Remember Paul Simon’s line “ she slipped into my pocket with my car keys?” Well, I slipped right back into Minnesota’s pocket the moment I stepped off Frontier Flight 106. Oh, not that ole Minnie hadn’t changed and looked exactly like I remembered it, but it certainly felt the same. And I liked the way it felt.
I grew up in a time when there were at least 100 kids within every three-block radius. And we knew all their names and the neighbors in between. Before we headed to her lake home, my dear friend Patti took us on a tour of the old neighborhood. We filled in nearly every name on the empty lines of our imaginary map as we drove down Newton, up Morgan and back down Logan Avenues.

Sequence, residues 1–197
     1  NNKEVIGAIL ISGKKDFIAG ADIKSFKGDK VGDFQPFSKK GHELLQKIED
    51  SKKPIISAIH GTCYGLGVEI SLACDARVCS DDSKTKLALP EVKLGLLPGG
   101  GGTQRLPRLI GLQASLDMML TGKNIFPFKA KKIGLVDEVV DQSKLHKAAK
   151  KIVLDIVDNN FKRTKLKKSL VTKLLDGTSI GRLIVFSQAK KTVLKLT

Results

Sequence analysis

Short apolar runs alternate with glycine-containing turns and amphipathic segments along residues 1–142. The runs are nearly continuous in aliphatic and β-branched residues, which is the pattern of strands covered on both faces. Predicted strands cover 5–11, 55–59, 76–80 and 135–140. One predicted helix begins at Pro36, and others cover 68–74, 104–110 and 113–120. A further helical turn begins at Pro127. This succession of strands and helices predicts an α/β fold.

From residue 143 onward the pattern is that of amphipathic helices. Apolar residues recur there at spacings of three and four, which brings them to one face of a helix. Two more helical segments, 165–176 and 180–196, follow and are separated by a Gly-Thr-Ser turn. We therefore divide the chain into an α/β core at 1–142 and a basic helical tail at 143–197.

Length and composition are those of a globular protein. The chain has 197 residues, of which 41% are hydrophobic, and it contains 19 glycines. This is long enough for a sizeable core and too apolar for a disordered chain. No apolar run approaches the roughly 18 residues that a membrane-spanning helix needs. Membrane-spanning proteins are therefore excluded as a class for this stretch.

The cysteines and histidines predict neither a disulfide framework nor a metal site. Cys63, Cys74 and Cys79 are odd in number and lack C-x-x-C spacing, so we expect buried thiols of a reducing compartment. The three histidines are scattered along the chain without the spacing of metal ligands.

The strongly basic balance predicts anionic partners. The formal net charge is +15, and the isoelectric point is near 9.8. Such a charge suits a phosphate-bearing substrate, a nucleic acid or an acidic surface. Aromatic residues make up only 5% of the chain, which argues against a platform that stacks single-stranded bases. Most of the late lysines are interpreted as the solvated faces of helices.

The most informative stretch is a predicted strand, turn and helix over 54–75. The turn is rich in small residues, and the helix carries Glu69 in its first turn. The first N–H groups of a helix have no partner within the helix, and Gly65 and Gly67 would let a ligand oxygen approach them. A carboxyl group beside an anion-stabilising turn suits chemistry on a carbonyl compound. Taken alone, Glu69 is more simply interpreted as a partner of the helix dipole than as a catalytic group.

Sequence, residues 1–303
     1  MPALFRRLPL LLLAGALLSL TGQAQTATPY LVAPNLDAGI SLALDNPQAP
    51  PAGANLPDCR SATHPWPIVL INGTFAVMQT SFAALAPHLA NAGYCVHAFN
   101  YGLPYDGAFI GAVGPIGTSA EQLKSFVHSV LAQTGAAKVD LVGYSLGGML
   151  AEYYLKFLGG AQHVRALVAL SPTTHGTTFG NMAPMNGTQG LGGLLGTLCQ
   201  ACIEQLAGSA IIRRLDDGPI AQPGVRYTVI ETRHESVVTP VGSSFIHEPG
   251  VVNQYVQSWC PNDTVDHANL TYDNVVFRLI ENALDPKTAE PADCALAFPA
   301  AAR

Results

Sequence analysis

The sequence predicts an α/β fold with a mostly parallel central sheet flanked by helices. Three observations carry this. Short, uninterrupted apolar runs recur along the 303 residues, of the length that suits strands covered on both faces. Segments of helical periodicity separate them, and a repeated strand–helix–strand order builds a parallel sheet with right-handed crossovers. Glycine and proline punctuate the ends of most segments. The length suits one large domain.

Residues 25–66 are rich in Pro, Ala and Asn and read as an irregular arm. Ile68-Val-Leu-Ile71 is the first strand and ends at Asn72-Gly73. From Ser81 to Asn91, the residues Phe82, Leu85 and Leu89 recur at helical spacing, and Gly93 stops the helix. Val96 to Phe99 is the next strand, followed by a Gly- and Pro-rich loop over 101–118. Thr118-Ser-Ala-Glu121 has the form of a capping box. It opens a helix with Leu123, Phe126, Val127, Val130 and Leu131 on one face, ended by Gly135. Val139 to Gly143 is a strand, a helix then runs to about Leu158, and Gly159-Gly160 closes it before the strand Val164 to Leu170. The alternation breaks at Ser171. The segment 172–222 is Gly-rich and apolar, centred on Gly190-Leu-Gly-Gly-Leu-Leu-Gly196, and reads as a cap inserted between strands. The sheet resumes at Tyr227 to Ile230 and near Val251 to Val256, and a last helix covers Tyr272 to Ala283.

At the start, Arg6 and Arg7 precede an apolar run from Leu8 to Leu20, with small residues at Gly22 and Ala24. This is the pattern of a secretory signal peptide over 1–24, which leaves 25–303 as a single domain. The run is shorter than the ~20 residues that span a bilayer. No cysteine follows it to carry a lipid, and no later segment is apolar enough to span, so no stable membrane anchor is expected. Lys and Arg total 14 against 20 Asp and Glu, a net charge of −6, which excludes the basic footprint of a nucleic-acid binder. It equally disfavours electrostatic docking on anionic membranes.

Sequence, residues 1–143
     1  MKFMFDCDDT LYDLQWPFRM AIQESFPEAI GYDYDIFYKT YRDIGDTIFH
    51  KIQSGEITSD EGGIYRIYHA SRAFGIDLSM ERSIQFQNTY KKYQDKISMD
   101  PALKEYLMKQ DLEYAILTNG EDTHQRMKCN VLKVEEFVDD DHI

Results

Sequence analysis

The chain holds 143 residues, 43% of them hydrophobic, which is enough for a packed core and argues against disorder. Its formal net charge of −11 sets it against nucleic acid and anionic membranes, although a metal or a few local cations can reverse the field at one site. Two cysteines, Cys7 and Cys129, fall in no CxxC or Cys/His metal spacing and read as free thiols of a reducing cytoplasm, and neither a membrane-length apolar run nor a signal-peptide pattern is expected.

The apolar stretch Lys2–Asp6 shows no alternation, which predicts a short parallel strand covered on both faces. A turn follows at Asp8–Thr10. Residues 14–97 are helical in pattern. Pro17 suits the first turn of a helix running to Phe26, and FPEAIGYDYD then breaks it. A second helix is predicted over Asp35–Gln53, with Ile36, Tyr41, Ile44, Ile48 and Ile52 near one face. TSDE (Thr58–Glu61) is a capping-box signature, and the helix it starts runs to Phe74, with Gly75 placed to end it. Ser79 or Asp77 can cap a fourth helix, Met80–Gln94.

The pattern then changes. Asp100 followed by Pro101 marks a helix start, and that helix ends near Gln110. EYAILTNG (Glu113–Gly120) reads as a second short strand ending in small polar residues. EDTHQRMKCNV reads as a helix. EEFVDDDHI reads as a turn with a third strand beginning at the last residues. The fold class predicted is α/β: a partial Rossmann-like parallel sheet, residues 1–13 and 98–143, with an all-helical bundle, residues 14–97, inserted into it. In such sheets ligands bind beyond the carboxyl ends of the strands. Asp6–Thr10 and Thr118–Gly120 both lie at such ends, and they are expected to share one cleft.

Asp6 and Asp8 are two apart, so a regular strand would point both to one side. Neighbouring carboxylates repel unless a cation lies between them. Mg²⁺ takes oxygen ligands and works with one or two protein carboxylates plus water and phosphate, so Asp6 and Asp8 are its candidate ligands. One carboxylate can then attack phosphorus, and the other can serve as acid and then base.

I’ll be heading back to Boise sometime tomorrow (once we sort out the cancelled flight through Denver). I’m returning with a box of classic Old Dutch Rip-L potato chips. They still sell 'em in boxes, a box that looks nearly identical to their packaging 50 plus years ago. "Isn’t that like bringing coal to Newcastle," you ask? Nah, these chips will taste like the first half of my sixty years. Not necessarily comfort food, but familiar and iconic of a place and time where Andy Lohman could drive up 70th and Morgan today - and when he got to 7021 (where I grew up) he would still be able to point and say, “ . . . and that’s where the Weihers lived . . . that next one - the Grogan’s." He might stop for a second, scratch his forehead and say, "Darn! What was the name of Patti Grogan’s dog, the one that followed her to the skating rink after school every winter day and after dinner every winter night?” “Aw, c’mon, ”I’d chuckle, “how could anyone forget a dachshund named Snorkel?